Falkner, Andreas (Siemens AG Austria) | Friedrich, Gerhard (University of Klagenfurt) | Haselböck, Alois (Siemens AG Austria) | Schenner, Gottfried (Siemens AG Austria) | Schreiner, Herwig (Siemens AG Austria)
The development of problem solvers for configuration tasks is one of the most successful and mature application areas of artificial intelligence. The provision of tailored products, services, and systems requires efficient engineering and design processes where configurators play a crucial role. For more than 25 years the application of constraint-based methods has proven to be a key technology in order to realize configurators at Siemens. This article summarizes the main aspects and insights we have gained looking back over this period.
Machine learning and data mining are research areas of computer science whose quick development is due to the advances in data analysis research, growth in the database industry and the resulting world construction market needs for methods that are capable of extracting valuable knowledge from large data stores. Knowledge discovery in database (KDD) is a process that combine data mining (DM) techniques from machine learning, pattern recognition, statistics, databases, and visualization to automatically extract concepts, interrelationships, and patterns of interest from a large database. Tarek Mahfouz proposed to create an automated decision support tool for productivity rate estimating through machine learning. The potential of machine learning modeling to be adopted for assigning productivity rates, in construction project databases, constructability analysis and other structural engineering methods making it a powerful tool for decision making and changing the image of a construction industry.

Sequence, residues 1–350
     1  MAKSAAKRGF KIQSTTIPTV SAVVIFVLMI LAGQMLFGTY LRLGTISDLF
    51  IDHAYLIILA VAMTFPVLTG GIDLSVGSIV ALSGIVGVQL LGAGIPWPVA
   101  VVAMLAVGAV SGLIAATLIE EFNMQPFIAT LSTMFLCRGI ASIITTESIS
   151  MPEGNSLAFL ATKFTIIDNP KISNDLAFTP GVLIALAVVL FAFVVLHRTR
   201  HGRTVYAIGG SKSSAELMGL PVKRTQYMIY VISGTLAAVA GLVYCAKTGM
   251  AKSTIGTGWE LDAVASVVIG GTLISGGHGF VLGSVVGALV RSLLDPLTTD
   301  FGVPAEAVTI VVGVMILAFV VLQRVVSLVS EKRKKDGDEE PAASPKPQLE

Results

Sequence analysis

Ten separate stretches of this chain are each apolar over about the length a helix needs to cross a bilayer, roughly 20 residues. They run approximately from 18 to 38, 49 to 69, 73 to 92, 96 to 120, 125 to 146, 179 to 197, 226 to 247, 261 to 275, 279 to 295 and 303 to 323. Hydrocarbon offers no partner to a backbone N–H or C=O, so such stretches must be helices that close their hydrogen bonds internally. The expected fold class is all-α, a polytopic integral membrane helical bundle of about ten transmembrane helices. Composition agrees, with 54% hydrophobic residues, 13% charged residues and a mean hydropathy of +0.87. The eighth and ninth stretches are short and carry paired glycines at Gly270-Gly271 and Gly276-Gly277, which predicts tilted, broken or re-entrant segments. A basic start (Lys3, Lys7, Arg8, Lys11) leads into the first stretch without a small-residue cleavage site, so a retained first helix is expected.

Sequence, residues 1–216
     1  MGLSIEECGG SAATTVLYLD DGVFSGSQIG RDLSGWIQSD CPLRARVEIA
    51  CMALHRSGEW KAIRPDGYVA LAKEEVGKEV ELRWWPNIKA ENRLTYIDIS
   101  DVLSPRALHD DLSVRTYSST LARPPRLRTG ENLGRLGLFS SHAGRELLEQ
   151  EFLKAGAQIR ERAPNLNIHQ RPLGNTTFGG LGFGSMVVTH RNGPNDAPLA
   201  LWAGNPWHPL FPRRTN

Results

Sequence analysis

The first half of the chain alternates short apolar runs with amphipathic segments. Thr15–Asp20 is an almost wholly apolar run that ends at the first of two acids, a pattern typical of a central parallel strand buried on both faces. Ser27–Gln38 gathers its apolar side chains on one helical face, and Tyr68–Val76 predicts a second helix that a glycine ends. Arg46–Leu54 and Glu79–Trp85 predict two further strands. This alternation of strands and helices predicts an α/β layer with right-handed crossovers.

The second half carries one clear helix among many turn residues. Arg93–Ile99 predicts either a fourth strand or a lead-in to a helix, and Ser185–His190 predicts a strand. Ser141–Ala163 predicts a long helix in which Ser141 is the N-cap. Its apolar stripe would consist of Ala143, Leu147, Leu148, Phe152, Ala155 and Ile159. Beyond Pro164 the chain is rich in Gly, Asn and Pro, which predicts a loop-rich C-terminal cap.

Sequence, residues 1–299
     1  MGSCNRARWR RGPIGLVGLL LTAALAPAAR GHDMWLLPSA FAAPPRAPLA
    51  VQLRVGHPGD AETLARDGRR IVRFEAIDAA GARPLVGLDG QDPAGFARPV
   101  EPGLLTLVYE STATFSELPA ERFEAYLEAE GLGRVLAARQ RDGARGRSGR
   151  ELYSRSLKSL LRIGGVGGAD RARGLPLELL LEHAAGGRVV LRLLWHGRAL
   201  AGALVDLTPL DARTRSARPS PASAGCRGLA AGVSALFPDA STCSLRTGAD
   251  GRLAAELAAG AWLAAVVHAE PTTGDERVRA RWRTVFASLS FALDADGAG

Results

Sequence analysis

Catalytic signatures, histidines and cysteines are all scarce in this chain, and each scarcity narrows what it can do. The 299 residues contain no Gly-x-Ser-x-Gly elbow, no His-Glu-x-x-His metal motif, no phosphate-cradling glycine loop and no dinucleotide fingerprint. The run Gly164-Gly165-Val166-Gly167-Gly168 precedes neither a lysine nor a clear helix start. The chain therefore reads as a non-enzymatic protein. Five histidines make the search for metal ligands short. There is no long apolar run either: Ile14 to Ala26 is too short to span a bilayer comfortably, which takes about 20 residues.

We analyzed those articles and compiled a list of 10 most interesting examples, where AI technology used for construction performance diagnostics, intelligent planning of construction projects or creating construction robot fleet management systems. The influences of various control parameters (including learning rate and momentum factor) and various network architecture factors (including the number of hidden units and the number of hidden layers) are examined. Knowledge representation and reasoning techniques derived from artificial intelligence research permit computers to generate plans, not merely analyze plans produced by humans. They were modeling a multistory office building project for construction planning, implementing SIPE to plan this project, and describing SIPE's performance in planning the construction of large-scale multistory buildings.